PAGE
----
The holidays seemed to arrive sooner this year, no doubt because of merchants getting a jump on Black Friday, the traditional start of the yuletide shopping season. But even beyond the marketplace, we also sensed a widespread desire to speed 2017 to its end. It was a trying year, after all, so no one can be faulted for wanting to put it to bed.

As New Year’s Eve arrives, we’ve reached the finish line of a year marked by mass shootings, monster hurricanes, political discord and public dismay. Yet we can’t help thinking, in the aftermath of so many grim headlines, how lucky we’ve been.

Cheers! CNN's Don Lemon returning to New Orleans for New Year's Eve show after wild one last year

Hurricanes ravaged Texas, Florida and Puerto Rico in 2017, but Louisiana, miraculously, was largely unscathed. That good fortune was especially welcome, since many of the state’s residents are still recovering from the Great Flood of 2016.

House Majority Whip Steve Scalise, a Jefferson Republican, was gravely wounded during a mass shooting near Washington, D.C. in August. But incredibly, he’s back at his job, his life and the lives of others spared by the quick thinking of Scalise’s security detail.

Luck touched 2017 so deeply that we came to rely on it -- maybe too much -- to carry the day. The year’s urgencies called for moral clarity and hard choices. Instead, at the national and state levels, the political culture was defined by resignation rather than resolve, a collective desire to simply muddle through and hope for the best.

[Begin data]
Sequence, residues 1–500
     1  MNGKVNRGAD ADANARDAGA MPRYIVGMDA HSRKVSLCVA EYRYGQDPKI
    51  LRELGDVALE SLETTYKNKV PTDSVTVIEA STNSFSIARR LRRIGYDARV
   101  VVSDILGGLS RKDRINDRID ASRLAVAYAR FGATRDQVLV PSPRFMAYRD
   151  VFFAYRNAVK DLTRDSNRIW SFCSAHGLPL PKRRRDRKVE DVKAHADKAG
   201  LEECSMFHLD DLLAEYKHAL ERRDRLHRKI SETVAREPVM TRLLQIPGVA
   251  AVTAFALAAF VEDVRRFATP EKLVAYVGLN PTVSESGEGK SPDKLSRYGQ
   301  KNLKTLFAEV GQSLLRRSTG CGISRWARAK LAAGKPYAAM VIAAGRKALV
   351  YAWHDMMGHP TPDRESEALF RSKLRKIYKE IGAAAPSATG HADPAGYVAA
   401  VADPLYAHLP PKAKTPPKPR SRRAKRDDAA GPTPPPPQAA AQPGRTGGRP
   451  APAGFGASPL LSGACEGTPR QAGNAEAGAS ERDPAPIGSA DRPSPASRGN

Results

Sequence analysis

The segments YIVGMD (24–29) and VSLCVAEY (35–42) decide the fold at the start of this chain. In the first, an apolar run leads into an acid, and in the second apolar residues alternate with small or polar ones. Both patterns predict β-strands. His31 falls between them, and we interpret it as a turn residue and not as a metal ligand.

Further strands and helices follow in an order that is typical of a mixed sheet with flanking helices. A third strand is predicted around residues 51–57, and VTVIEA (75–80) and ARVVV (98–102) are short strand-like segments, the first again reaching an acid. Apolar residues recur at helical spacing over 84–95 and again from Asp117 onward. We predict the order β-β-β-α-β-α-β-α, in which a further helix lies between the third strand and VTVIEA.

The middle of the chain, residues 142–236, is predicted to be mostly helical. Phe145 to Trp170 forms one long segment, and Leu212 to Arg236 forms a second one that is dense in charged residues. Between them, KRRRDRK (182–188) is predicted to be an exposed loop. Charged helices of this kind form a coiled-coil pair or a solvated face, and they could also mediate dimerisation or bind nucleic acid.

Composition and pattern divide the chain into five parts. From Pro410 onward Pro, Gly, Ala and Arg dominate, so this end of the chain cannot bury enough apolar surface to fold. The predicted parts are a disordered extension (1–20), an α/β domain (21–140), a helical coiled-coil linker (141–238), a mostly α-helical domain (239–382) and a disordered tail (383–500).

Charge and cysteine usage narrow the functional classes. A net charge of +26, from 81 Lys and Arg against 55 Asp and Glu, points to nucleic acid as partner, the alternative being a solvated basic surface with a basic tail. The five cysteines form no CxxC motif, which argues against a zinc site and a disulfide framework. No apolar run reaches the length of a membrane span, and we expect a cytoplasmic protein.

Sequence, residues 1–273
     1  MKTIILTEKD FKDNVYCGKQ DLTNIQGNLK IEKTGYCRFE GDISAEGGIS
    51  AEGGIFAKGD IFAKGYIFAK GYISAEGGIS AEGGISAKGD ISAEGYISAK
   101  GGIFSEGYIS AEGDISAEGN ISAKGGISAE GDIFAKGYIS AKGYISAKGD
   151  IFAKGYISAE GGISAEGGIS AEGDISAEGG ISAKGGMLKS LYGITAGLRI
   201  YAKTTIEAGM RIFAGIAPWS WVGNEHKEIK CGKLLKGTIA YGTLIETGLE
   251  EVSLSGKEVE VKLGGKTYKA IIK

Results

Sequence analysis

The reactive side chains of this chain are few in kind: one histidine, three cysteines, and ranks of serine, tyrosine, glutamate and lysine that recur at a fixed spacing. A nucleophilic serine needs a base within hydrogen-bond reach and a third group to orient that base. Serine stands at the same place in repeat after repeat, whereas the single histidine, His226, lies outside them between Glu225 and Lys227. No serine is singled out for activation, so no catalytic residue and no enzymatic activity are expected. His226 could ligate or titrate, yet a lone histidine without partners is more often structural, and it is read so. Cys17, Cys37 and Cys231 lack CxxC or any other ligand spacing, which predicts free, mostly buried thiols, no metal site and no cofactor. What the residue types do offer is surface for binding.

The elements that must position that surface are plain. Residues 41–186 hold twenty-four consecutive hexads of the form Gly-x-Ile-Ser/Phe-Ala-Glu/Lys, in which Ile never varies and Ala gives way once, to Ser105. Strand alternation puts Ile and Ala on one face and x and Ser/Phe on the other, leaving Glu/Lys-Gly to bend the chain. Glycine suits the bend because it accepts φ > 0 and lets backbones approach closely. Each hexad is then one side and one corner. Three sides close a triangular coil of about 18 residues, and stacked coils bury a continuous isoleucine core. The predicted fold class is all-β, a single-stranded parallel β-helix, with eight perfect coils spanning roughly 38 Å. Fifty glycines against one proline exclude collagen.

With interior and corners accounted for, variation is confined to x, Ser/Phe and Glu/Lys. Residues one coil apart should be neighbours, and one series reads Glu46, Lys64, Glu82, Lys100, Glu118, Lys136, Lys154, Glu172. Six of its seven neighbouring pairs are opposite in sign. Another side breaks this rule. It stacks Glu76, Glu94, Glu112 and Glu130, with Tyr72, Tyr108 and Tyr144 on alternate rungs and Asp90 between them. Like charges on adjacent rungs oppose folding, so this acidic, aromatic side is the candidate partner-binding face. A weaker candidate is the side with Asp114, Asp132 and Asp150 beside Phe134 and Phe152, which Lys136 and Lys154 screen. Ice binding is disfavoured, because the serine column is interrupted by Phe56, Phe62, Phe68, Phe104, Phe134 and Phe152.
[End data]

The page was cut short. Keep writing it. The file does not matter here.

That was true in Washington, D.C., as Congress deadlocked on important issues such as health care and narrowly approved a tax plan grounded in partisan division rather than political consensus. And it was true in Baton Rouge, too, as lawmakers and the governor failed to reach agreement on a fiscal plan that will give state government the long-term stability it needs. Yet another state budget crisis looms in 2018.


Fireworks over the river, shown in 2012, will again bring the New Year in with a bang in New Orleans.

Ernest Hemingway often ended his writing day in midsentence, believing that that the momentum of work unfinished would give him fresh energy when he returned to his desk. We hope this principle applies to public life at the start of a new year— that the call of tasks not completed and obligations unmet will bring a renewed sense of mission to the people’s business.

The tradition of New Year’s resolutions stems from a related word, “resolve,” something Louisiana residents know a little bit about. It has been our principle resource in responding to floods and hurricanes, and it can help us address other public challenges in 2018, too. That is the unfinished work that awaits us as the holidays draw to a close.